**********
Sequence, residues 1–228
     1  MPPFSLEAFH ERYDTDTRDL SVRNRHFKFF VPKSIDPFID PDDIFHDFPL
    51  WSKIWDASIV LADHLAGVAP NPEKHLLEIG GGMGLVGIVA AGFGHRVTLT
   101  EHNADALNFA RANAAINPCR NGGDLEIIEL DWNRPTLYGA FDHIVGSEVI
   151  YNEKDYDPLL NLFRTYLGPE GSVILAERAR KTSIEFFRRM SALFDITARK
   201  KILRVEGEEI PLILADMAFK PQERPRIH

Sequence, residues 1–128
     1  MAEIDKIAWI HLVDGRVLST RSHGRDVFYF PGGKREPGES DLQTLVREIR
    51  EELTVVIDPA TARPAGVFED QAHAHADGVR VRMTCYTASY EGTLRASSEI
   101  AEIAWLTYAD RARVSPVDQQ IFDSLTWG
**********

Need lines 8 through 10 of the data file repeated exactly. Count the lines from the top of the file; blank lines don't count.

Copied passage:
     1  MAEIDKIAWI HLVDGRVLST RSHGRDVFYF PGGKREPGES DLQTLVREIR
    51  EELTVVIDPA TARPAGVFED QAHAHADGVR VRMTCYTASY EGTLRASSEI
   101  AEIAWLTYAD RARVSPVDQQ IFDSLTWG